Sorry, but there is no optout to tracking. Holman also said:

"you can just disable images. It’s the same functionality in the email as on the web, though. We’re not spying on anything."*


"[...] It’s just in this case there’s zero additional information trading hands."*.

Note that recent events showed me I couldn't trust Github ethics anyway, so I'd rather have them not have the info that them claiming it never change hands.

This wouldn't be important if Mozilla didn't mostly require Github to contribute to certain projects including. I filed bug 1031899. While I can understand the feature, I believe user privacy should be paramount, therefor not being able to disable tracking is a serious ethics issue.

Tuesday 29 April 2014

Fixing deprecations

Also, I updated the PHP version on the hosting side (the hosting company did, I just clicked on the button in the panel). This cause some glitches with the antispam and the rest when commenting. Sorry about that.

I addressed the known issues, related to deprecated PHP functions. This is still easier than upgrading to the newer version of Dotclear that break the URLs.

Sunday 9 February 2014

The open content

Open content is content that is also available openly.

The short: people claiming they don't blog anymore but write lengthy on the closed Google+, a platform that is closed (does not allow to pull the content of RSS), discriminate on names, and in the end just represent the Google black hole as it seems only Google fanboys and employees use it.

This also applies to Facebook, Twitter (to a lesser extent, just because of the 140 char limits) and so on.

Sorry this is not the Internet I want. It is 2014, time to take it back.

Monday 1 July 2013

Your next mobile app should be web based

There is no question about that.

I just switched from an Android phablet made by Samsung, device I came to hate for many reasons, to a Firefox OS Geeksphone Keon. That was my second Android phone, I switched because I got it for free[1], needed a carrier that worked better than the failure that is WIND Mobile on which I was using my Nexus One[2] and said Nexus One was just abandoned in OS upgrade by HTC AND Google after 22 month. I have to admit I missed the Nexus One, still, as Samsung didn't make Android better, quite the opposite.

Back to the point. I got that Geeksphone Keon, provided by my employer: Mozilla.

This is not a review of the phone, BTW, and all of this also applies to the just released Firefox OS phone in Spain.

On my Android phablet[3] I used 4 applications: the web browser, a twitter client (not Twitter's own though), Instagram and Foursquare.

On my Firefox OS phone, I had to scrap the last two. Why? Because despite requiring an internet connection and having some sort of web interface, their are unusable on the web.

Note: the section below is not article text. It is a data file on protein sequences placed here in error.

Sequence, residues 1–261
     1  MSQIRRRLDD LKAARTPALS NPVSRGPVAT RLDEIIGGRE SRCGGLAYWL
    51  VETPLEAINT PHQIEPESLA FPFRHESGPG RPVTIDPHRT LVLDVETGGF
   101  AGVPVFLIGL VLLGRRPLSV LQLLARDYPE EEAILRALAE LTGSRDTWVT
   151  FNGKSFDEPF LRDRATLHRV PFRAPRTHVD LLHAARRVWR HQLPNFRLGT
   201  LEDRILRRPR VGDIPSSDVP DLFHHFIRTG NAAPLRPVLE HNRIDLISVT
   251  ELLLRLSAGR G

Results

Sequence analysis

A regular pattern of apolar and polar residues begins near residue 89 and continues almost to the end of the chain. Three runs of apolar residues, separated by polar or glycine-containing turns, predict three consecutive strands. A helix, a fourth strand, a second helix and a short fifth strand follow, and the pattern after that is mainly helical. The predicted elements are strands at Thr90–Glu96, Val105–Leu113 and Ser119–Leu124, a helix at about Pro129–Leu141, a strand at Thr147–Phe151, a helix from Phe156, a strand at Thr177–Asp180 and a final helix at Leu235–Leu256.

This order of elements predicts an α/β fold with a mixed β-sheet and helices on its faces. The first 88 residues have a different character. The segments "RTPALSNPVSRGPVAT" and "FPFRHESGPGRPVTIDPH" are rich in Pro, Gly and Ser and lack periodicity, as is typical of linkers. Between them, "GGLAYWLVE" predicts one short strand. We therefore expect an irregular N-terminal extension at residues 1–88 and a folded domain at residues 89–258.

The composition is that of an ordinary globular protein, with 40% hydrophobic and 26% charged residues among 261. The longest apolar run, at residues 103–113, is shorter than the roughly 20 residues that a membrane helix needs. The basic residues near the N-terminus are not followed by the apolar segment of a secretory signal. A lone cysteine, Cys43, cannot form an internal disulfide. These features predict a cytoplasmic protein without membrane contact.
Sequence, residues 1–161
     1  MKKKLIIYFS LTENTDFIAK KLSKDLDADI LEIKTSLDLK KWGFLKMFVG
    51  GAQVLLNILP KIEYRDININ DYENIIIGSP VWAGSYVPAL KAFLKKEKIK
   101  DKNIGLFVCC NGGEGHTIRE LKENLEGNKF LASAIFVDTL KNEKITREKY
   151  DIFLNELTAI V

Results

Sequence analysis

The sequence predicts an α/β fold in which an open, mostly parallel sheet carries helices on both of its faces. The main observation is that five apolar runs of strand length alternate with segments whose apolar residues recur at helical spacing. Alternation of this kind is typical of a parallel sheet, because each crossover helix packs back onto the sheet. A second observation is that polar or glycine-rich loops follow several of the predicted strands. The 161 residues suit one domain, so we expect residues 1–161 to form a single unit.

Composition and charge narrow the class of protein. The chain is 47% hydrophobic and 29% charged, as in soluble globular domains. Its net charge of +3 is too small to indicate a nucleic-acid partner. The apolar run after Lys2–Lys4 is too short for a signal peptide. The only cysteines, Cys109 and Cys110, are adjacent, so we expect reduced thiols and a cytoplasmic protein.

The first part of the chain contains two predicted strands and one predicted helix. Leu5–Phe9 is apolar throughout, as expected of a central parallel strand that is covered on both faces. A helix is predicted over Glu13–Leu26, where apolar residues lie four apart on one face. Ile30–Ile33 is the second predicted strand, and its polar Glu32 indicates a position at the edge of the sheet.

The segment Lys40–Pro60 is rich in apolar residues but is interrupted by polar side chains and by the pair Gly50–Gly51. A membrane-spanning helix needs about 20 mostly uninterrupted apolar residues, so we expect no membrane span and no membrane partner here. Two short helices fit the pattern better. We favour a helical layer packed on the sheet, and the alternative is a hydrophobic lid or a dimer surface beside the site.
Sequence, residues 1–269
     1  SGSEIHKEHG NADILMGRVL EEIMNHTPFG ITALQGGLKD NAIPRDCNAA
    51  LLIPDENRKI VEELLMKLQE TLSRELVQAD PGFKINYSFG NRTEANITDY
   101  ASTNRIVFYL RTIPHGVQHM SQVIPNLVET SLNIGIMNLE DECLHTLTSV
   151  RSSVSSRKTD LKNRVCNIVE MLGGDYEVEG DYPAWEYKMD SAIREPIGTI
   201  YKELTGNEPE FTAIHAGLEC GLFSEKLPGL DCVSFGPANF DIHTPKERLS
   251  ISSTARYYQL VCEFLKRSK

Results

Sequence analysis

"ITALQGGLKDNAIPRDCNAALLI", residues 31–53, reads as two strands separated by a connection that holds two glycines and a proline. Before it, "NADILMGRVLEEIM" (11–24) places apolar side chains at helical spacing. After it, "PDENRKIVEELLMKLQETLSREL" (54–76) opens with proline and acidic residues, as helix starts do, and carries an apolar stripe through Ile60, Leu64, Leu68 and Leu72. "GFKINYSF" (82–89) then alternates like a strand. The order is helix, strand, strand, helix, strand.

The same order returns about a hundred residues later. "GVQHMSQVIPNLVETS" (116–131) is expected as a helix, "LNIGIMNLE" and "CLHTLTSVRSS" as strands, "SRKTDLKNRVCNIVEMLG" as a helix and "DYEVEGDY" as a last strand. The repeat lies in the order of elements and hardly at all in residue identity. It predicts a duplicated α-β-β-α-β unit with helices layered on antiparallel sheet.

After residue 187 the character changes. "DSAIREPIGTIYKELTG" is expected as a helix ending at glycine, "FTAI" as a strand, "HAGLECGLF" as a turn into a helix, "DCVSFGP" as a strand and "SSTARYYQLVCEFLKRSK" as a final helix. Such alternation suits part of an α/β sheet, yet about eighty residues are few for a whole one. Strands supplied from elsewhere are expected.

Web browser

On Android I used Firefox for Android as my web browser. It is currently the best solution for web browsing is designed to protect your privacy and to run on more devices than Google's own Chrome. Call me biased if you want but truth is I have been using Firefox on the desktop too.

Firefox OS web browser is basically the same thing.


Twitter is a bit hurtfull. It is designed from the ground up to be used as a web application. Twitter has a mobile version that is meant to work well on small screen. They even have a packaged version for the Firefox OS Marketplace. Where it hurts is that Twitter web UI remains awful, either deliberately (given that the iOS client is awfull too) or because we got spoiled by third-party clients. On Android I was using Twicca (no source code) or Twidere (broke a bit at one point), but it should be noted that Twitter gave the finger to third parties when they added restriction on the development of client ; as well as bickering with Instagram to not show their content inline.

They get almost full marks for being a web app and treating it as first class.


On the desktop, if you go to Foursquare you get a decent web application, albeit you can do the major feature that Foursquare calls for: check-in.

On mobile, if I visit the website on Firefox for Android I get prompted to download an app.

On Firefox OS it is worse. Looks like their detection fail and they offer the desktop website that is mostly unusable on such a small screen. I filed bug 878132 for our tech evangelism to eventually have a look at.

Seems like they didn't go all the way to make it relevant on mobile web. Sadly. What was an experiment I started by the end of last year when I signed up for the service stopped here right at Firefox OS. It seems that I don't need it. They lost a user.


This one is the worst of the worst. First and foremost their web interface for desktop is very limited. Secondly, it doesn't scale at all on mobile - some content scale better than other. Third, they bickered with Twitter so that their content is not viewable inline.

Why does that last one matter? Try viewing the instagram content in the Twitter mobile web client.

I give a F as a mark.


Simply make your mobile app web based. It will run on iOS, Android, Firefox OS, Blackberry, etc. and people will be able to follow when they change phone and you won't need to spend a lot of resources for each platforms.